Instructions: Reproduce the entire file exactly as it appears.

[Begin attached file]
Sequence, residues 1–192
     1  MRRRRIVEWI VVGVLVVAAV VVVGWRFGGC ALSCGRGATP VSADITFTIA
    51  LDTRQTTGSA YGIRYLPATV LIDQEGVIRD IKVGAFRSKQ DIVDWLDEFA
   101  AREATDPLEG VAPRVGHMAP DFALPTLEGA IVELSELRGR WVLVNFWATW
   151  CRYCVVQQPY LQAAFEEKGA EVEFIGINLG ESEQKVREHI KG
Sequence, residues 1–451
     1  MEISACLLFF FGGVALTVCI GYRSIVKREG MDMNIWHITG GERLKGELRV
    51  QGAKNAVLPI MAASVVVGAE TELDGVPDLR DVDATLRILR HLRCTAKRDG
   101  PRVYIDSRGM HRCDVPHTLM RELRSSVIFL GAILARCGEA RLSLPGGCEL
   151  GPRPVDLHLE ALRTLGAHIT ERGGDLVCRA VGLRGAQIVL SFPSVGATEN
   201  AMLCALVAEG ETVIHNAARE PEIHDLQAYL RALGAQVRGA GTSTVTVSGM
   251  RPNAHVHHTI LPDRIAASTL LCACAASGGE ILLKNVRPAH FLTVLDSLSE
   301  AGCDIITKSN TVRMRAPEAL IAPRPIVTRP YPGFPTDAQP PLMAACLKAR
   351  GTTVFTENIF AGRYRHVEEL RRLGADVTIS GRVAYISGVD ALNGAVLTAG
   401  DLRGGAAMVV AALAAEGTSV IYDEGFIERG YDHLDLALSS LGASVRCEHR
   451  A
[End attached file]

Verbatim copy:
Sequence, residues 1–192
     1  MRRRRIVEWI VVGVLVVAAV VVVGWRFGGC ALSCGRGATP VSADITFTIA
    51  LDTRQTTGSA YGIRYLPATV LIDQEGVIRD IKVGAFRSKQ DIVDWLDEFA
   101  AREATDPLEG VAPRVGHMAP DFALPTLEGA IVELSELRGR WVLVNFWATW
   151  CRYCVVQQPY LQAAFEEKGA EVEFIGINLG ESEQKVREHI KG
Sequence, residues 1–451
     1  MEISACLLFF FGGVALTVCI GYRSIVKREG MDMNIWHITG GERLKGELRV
    51  QGAKNAVLPI MAASVVVGAE TELDGVPDLR DVDATLRILR HLRCTAKRDG
   101  PRVYIDSRGM HRCDVPHTLM RELRSSVIFL GAILARCGEA RLSLPGGCEL
   151  GPRPVDLHLE ALRTLGAHIT ERGGDLVCRA VGLRGAQIVL SFPSVGATEN
   201  AMLCALVAEG ETVIHNAARE PEIHDLQAYL RALGAQVRGA GTSTVTVSGM
   251  RPNAHVHHTI LPDRIAASTL LCACAASGGE ILLKNVRPAH FLTVLDSLSE
   301  AGCDIITKSN TVRMRAPEAL IAPRPIVTRP YPGFPTDAQP PLMAACLKAR
   351  GTTVFTENIF AGRYRHVEEL RRLGADVTIS GRVAYISGVD ALNGAVLTAG
   401  DLRGGAAMVV AALAAEGTSV IYDEGFIERG YDHLDLALSS LGASVRCEHR
   451  A